The National Bank Trust was set up after the reorganization of several major credit organizations. With 2 trillion rubles already accumulated in debt-ridden assets, the Russian Central Bank is working hard to ensure that these finances are returned to the economy. The National Bank Trust, otherwise known as the non-core assets bank, is in charge of collecting these debts. The former Minister of Finance, Mikhail Zadornov, was tasked with setting up the non-core assets bank after Elvira Nabiullina of the Russian Central Bank consulted with him. As part of the management board of VTB Bank, he was largely responsible for the 2018 reorganization of Bank Otkrytie. In the same year, he made a bold statement by pressing for Alexander Sokolov to spearhead the National Bank Trust. For debtors, this is an ominous sign: Pay up or go to court.
However, debtors have been told that support will be rendered to companies with good prospects. These companies will not be pressured to repay their debt obligations. Last May, a rather dubious appointment was made to oversee the position of CEO of the Trust, when Mikhail Khabarov was appointed. As the man behind A1 (2010-2014), he has employed a variety of highly suspect tactics to bully businesses into submission. The company under discussion, A1 was particularly aggressive in the hostile takeover arena. Reports indicate that qualified legal methods were used against businesses. As Executive Director of the Trust Bank, Mikhail has brought a variety of ‘specialists’ to the state bank from A1. Foremost among them is the new financial director of the trust, Philip Lerman. His methodology is perhaps best described as unorthodox.
A1 Benefitted from Corporate Takeovers Every Time
Mikhail Khabarov made it very clear during his time at A1 that the company would become a beneficiary of turmoil if crises are not avoided. He believes that there is nothing better than economic chaos when the economy tanks and recovers just as sharply. The strong-arm tactics employed by A1 hit home for many Russian companies. The lack of compassion was a notable feature of his business dealings, and scores of Russian enterprises can attest to that. Among his many important business decisions was the downing of a low-cost airline venture between Avianova (US Indigo Partners Foundation), and A1. The unprofitable project was a failure, despite lasting for 3 years. In 2011, it ranked at 12 among all the domestic airlines and was the second biggest low-cost airline carrier for the country. It was Mikhail Khabarov in charge of the action which resulted in it going bankrupt by 2012. Another highly-popularized bankruptcy occurred with Stroyfarfor, a ceramic tile manufacturing entity.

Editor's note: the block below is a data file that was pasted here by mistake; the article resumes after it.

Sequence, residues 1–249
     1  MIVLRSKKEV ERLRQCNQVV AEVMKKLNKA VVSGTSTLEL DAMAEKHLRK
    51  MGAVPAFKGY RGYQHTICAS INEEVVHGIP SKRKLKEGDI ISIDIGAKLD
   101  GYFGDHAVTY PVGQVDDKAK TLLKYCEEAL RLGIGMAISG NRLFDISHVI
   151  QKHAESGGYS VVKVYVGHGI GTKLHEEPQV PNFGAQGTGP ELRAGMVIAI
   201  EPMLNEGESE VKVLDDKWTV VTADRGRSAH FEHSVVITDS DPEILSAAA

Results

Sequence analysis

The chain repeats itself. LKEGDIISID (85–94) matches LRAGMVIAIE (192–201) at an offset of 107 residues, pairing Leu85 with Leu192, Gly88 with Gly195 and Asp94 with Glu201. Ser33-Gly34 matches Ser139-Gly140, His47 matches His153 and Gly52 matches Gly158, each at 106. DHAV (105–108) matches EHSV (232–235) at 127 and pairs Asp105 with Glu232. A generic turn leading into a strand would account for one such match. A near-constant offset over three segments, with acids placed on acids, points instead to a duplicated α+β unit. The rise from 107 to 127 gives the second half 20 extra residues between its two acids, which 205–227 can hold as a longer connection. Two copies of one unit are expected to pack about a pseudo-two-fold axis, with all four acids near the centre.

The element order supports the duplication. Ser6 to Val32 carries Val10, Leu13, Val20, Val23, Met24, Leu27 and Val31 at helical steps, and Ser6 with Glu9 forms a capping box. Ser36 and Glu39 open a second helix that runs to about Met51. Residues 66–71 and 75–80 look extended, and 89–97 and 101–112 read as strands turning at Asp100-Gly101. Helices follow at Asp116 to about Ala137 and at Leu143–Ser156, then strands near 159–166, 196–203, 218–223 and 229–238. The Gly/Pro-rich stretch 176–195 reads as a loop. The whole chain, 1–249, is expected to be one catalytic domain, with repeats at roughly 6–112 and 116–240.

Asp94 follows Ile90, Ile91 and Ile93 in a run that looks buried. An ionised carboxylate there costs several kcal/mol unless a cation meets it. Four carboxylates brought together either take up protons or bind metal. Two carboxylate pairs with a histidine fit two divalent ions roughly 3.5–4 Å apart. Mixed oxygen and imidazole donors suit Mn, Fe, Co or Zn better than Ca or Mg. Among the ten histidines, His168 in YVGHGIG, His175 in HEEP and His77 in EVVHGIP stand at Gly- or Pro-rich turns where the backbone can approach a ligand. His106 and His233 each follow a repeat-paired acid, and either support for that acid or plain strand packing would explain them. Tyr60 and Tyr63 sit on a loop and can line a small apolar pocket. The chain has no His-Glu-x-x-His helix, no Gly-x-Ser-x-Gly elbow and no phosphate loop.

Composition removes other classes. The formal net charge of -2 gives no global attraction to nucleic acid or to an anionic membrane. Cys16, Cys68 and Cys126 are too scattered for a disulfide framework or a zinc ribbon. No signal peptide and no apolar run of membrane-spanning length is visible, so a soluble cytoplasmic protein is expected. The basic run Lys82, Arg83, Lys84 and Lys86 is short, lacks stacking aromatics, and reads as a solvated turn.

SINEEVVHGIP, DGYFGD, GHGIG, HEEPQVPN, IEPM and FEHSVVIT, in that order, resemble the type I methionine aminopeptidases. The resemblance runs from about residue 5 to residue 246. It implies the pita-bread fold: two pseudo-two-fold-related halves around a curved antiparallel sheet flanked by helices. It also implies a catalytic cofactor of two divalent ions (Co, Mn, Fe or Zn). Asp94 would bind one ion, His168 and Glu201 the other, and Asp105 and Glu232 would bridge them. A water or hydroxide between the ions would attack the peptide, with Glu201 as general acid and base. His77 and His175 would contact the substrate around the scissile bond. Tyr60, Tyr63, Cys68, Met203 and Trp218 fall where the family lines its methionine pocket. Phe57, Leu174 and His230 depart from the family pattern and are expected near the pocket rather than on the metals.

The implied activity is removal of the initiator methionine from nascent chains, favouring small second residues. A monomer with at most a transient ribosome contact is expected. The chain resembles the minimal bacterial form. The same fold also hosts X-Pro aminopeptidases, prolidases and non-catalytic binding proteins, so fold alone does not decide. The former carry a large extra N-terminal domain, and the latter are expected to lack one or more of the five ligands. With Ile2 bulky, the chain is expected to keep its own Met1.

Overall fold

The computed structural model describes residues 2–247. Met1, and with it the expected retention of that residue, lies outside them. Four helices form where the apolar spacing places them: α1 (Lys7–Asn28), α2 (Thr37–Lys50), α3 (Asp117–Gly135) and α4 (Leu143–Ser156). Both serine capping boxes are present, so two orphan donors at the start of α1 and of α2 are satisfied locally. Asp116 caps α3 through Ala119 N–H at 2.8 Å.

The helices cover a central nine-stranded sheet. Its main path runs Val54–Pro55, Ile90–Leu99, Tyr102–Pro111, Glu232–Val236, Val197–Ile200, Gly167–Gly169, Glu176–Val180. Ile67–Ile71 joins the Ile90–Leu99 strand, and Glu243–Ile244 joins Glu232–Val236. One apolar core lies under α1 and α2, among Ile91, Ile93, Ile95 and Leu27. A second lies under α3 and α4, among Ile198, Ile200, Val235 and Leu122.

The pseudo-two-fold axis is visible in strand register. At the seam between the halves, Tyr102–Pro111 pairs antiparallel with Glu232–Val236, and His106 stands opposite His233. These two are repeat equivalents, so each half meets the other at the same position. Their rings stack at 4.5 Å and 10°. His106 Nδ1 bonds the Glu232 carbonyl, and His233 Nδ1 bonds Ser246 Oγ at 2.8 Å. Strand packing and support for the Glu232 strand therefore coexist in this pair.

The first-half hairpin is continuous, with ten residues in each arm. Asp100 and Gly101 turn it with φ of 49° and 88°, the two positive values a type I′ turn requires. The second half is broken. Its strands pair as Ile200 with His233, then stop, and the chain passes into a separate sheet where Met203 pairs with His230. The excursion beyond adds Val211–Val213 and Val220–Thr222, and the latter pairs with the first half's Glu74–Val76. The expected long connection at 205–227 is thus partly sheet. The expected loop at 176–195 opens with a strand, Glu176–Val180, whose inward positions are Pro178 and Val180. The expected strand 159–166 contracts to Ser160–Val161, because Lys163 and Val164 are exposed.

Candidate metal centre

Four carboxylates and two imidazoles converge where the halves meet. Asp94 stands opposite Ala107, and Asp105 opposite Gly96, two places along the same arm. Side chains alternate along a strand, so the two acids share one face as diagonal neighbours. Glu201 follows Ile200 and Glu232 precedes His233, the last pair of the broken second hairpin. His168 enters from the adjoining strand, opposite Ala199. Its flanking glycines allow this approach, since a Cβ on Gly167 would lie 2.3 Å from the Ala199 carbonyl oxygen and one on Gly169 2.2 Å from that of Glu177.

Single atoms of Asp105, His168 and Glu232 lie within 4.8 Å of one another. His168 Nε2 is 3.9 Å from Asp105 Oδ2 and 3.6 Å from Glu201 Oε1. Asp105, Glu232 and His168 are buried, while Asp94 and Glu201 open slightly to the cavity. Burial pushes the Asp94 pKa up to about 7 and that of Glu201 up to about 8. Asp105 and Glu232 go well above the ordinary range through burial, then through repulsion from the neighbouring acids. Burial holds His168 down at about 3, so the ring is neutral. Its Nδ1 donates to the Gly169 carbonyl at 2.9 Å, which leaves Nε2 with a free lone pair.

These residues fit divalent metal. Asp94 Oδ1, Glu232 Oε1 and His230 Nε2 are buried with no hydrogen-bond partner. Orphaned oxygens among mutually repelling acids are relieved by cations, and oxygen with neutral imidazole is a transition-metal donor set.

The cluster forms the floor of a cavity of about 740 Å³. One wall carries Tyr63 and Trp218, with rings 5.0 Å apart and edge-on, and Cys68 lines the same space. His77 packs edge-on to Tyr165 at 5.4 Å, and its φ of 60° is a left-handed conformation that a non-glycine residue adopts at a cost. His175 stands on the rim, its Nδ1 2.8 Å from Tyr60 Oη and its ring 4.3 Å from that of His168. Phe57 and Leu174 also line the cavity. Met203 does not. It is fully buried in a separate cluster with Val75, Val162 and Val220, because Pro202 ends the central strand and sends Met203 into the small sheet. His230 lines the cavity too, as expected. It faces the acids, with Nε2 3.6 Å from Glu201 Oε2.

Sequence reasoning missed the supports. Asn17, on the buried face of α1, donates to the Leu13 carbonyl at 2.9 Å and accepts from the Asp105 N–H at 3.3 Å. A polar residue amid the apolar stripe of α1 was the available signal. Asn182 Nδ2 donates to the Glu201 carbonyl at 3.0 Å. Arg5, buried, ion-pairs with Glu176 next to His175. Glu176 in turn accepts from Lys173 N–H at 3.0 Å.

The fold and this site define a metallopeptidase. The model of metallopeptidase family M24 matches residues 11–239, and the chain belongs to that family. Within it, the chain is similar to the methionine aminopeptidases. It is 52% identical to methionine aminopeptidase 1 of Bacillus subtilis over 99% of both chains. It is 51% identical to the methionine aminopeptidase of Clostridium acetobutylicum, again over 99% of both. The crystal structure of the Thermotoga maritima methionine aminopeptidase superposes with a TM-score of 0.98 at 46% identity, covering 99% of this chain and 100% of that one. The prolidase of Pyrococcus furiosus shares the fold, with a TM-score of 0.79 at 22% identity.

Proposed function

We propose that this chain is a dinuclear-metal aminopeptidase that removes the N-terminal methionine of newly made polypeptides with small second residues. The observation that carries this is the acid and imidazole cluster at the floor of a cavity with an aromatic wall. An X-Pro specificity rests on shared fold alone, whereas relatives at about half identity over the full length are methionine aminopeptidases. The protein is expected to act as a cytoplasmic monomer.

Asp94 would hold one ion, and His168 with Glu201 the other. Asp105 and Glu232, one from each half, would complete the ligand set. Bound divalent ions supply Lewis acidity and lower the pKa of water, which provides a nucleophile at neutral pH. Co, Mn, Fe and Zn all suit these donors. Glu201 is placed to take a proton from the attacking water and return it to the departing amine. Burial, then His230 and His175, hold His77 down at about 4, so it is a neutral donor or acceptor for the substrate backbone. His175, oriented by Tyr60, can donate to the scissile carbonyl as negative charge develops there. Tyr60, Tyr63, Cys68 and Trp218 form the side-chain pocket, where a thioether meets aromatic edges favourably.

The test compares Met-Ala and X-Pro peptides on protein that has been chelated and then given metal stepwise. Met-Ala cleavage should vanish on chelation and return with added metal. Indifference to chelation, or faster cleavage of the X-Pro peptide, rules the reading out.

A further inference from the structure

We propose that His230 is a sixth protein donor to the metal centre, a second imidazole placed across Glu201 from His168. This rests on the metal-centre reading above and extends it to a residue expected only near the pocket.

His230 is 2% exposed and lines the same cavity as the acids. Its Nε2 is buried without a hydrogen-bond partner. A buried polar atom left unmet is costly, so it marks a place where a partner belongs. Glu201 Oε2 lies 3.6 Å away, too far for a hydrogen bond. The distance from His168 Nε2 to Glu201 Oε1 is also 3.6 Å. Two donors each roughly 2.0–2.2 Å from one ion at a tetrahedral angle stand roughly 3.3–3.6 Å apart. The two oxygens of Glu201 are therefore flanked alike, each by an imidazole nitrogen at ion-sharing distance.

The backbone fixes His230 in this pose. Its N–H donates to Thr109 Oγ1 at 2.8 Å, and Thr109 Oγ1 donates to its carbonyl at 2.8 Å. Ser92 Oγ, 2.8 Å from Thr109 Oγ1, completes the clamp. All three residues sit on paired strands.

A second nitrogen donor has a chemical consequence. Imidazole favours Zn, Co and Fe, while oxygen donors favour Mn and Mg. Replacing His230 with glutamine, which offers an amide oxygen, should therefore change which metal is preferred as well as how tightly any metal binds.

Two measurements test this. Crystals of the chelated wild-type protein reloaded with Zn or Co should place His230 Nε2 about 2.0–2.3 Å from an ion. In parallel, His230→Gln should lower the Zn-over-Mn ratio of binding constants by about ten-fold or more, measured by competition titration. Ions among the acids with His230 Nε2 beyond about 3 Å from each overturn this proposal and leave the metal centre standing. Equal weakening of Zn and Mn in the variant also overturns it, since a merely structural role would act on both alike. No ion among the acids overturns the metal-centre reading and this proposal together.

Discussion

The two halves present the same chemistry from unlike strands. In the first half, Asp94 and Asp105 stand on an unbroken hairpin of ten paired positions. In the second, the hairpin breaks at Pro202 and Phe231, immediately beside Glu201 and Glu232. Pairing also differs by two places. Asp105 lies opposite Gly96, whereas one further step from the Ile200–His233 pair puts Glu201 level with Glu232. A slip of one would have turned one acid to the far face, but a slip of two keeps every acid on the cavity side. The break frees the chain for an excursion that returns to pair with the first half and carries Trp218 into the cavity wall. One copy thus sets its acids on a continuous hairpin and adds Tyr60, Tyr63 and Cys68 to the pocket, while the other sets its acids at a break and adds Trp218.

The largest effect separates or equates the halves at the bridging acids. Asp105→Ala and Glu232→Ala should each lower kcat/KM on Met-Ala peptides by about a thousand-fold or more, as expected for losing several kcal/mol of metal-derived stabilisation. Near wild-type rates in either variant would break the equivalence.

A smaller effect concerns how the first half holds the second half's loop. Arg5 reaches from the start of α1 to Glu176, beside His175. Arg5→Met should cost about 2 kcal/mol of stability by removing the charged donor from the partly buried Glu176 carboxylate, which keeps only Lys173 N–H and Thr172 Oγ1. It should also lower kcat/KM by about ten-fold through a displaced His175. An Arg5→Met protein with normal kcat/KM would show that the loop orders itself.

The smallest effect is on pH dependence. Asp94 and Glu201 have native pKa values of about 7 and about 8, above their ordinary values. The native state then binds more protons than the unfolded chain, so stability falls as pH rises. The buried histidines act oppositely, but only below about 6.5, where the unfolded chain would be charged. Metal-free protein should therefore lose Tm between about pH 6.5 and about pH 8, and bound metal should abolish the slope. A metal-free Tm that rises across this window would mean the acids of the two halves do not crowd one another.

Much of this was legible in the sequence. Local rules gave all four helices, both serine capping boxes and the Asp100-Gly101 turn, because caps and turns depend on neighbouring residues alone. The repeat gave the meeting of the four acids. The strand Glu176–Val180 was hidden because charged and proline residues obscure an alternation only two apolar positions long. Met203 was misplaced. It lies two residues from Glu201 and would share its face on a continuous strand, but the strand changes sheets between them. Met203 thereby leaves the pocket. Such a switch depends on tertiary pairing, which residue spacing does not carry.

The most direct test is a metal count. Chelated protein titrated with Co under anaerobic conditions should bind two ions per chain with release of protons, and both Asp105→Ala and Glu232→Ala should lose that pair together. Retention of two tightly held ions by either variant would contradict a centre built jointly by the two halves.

Evidence now points to many aggressive takeover operations by Lazar Shaulov, the founder of A1, and Mikhail Khabarov. Business contracts were designed in a way to drive companies out of business, while A1 was collecting. At the height of the tensions with Stroyfarfor, A1 was in total control and ownership of all the shares of the company. Then, everything was sold and all the liquid assets were expressly for the benefit A1 shareholders. In the end, the ceramic tile company’s massive debts to Russia went unpaid. People like Leonid Maevsky – the owner of Stroyfarfor – resisted the strong-arm tactics by A1. His resistance proved futile as he was charged with extortion. Various shenanigans ensued, including unsubstantiated reports of compromising information and audio recordings. A1’s actions were clear; they strong-armed companies into giving up ownership to A1 and then sold those companies, squeezed every last cent out of them, and left them heavily indebted.
Outrage at Strong-Arm Tactics Justified
A Russian academic, Vladimir Betelin was so outraged at A1s conduct that he made urgent appeals to Rostec State Corporation for protection guarantees against A1. This aggressive raider corporation and its strong-arm tactics leader, Mikhail Khabarov worked to ensure the utter destruction of all companies it encountered. A notable coal company – Zarechnaya – knows about this firsthand. It was operated by the defense corporation NPK Uralvagonzavod. In this case, the Ukrainian prosecutor general, Vasiliev teamed up with A1. Vasiliev was against the transfer, but A1 was having none of it and wanted to impose sanctions from the European Union and the United States against UVZ and the board members. Tensions abated, but the conflict had a negative impact on the coal company.
Over the years, A1 made headlines with many other questionable strategic takeovers, including the seizure of Rosatom – Corporation Splav. At the time of the takeover, the legal ownership was changing hands. However, the chief executive officer, Vladimir Fedorov faced arrest charges. After his arrest and subsequent incarceration, Novgorod came under the exclusive ownership of A1. For these and other reasons, many are rightly questioning Alexander Sokolov’s decision to appoint A1 individuals to high-ranking positions at the National Bank Trust. The unprincipled behaviour of people like Mikhail Khabarov and his deputies from A1 are not inspiring confidence among the public, making Sokolov a questionable selection too.